There was a time when the Chief Marketing Officer was just tasked with what their title suggests: being the head of all marketing operations within a firm. Today, that job description has changed so much, a CMO is one of the singular most important persons in any organization you walk into.
Besides being the ones required to cough up the amazing marketing campaigns and direct the flow of ads, they are also tasked with driving revenue. That is not to mention their place in integrating what the customer wants into the product line while still being the bridge between the marketing link/ consumers to the execs at the higher top.
Seeing as that can be a lot, here are five things every CMO needs to focus on if they are to achieve all of these goals – and more – this year.
Focus #1 – Getting CFOs on Board
There has always been a longstanding battle between the marketing and finance teams, even if they never want to talk about it.
Even though they are working for the same company, the finance team might not see the need to release more funds to the marketing aspect of the business. When this happens, it is the fault of the CMO – and we stand by that.
As the CMO, it is your job to speak to the CFO and their team in the language that they understand.
Finance is all about getting the best bang for their bucks, so don’t speak in terms of impressions and clicks only. Start measuring the metrics that track how well your marketing efforts are contributing to the revenue model of the company.
Likewise, CMOs have a lot to do in getting CFOs to see long term plans instead of short-term plays. That way, they can commit even more funds to make the long-term marketing campaigns of the company happen.
Finally, CMOs should start asking for the CFO's help. This brings a sense of inclusion, allows the CFO to see what is going on internally and could spark the kind of interest that makes synergy even smoother.
Focus #2 – Identifying Key Metrics
We have touched up on this above, but it deserves a section of its own anyways.
One of the reasons why it seems like companies are not giving their CMOs the attention that they deserve is the fact that most of them do not know how to report their successes the right way. Reporting such success is made even more challenging with the presence of multiple channels of marketing as we have it today. That should not be so.
Being the final authority on ad campaigns, marketing concepts and such directional moves of the company, a CMO should know what the brand hopes to achieve with just about every marketing content it puts out. This should be communicated with the rest of the executives and team first to ensure that everyone is on the same page.
At this point, it becomes easier to know what the company is expecting, rather than just looking for some numbers to fill up the reports.
When these results then start coming in, they sound more delicious to the ears of the decision-makers in the industry.
Focus #3 – Role, Not Title
Many believe that the role of the CMO is fading in today’s brands and companies. We could not be more against that.
We are seeing a lot of different titles being thrown around in the business landscape. For some, it is the Chief Growth Officer, while others go with something more elaborate like the Chief Digital Officer. No matter which one it is – either of those we mentioned or another variation – it takes nothing away from the fact that they mean the same thing.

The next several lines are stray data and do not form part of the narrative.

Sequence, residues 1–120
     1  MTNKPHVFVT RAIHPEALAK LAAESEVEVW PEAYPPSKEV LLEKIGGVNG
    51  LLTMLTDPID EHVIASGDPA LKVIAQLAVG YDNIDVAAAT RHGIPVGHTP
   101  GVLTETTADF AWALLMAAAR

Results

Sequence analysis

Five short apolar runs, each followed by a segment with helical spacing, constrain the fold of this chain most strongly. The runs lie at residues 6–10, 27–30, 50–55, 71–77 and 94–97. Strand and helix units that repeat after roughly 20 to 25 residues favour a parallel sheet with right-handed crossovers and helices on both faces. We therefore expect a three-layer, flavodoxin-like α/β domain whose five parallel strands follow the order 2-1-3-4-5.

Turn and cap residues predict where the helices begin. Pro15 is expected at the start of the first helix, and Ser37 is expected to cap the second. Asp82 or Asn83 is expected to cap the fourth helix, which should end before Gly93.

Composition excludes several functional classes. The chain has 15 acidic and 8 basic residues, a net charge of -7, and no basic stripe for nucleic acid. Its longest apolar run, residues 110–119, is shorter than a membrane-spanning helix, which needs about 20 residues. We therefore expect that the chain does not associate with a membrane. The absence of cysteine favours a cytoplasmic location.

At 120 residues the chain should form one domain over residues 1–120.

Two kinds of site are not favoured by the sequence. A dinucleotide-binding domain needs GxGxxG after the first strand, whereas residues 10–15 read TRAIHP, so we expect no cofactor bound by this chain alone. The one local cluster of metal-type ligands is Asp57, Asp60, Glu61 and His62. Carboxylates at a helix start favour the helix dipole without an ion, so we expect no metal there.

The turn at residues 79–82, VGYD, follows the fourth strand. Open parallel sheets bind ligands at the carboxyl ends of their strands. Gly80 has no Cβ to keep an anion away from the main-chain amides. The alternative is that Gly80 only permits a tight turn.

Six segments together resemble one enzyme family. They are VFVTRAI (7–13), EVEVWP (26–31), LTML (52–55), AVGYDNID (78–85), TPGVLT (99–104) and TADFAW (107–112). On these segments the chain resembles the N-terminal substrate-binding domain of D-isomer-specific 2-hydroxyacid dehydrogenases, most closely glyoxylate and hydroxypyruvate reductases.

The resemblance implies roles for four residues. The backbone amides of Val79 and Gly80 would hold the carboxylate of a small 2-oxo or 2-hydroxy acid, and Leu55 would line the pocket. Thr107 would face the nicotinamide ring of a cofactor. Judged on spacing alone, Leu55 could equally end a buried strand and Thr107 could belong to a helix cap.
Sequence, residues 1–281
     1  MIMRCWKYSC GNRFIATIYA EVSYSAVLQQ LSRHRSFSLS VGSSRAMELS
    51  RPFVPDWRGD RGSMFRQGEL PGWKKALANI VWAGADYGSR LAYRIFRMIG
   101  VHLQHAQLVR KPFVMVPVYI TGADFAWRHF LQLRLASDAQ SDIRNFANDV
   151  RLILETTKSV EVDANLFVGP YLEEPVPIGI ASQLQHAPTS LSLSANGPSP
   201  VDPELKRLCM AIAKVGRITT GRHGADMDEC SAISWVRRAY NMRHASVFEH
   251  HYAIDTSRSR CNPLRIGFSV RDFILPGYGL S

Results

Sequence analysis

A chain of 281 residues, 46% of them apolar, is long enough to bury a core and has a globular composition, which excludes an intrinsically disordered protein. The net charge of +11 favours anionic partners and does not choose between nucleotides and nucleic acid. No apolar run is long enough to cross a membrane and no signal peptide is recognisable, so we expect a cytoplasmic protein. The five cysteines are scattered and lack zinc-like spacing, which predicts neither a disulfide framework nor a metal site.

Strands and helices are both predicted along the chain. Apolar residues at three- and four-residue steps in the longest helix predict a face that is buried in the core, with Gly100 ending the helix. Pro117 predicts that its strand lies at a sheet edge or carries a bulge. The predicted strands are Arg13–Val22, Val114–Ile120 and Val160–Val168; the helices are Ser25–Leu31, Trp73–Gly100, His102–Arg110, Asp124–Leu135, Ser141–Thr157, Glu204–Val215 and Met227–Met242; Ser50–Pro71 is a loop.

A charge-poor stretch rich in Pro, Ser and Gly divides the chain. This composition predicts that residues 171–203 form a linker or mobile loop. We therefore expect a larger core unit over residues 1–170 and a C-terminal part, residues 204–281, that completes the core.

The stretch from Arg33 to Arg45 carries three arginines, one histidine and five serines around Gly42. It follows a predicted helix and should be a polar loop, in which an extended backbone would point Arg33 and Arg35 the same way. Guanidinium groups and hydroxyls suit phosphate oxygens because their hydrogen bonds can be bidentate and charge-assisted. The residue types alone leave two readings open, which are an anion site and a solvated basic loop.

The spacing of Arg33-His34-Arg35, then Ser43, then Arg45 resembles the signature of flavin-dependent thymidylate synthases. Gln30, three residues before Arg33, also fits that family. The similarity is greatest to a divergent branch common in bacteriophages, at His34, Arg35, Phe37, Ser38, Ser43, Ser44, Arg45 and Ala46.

Thus, this is not the time for CMOs to focus on the titles which they bear at work. Rather, they should be more concerned with delivering what they have been installed in that role to do. Only then can they make the role worth it, no matter what the title that comes with it.
Focus #4 – Understanding the Business
CMOs are in a strategic role, but only a few of them know this.
According to a recent survey, 53% of business executives believe that their CMOs could one day become the ones to rule as the CEO of the same company. If that says anything of the role, it is how it could be the perfect breeding ground for the ultimate position in the company.
Thus, the CMO should not assume the position and believe that they will need to work with the marketing team only. As growth and revenue driver, they should also be at the forefront of uniting the various departments across the company such that they can work together for the common goal.
This does not mean the CMO has to start breaching into every team such a brand has. That leads us to the last focus.
Focus #5 – Integration’
In this piece, we have discussed the importance of collaboration between the CMO and CFO for the betterment of the company. What we have not discussed is how the CMO can also benefit – personally, and on behalf of the company – when they integrate with other departments.
Every section of the company is focused on driving growth. Thus, this puts them in the pocket of the CMO too. Part of making this integration happen is also knowing when to approach.
For example, the Chief Information Officer (CIO) is another important asset to the CMO – and 64% of business execs believe that a synergy between these two can help in gathering data better. However, CIOs feel sidelined when they are only contacted at the point of platform selection, design and deployment for the collection of data.
When they are involved right from the start of the campaign launch discussion, though, there would be no stopping the digital plan to ensue from such a collaboration.
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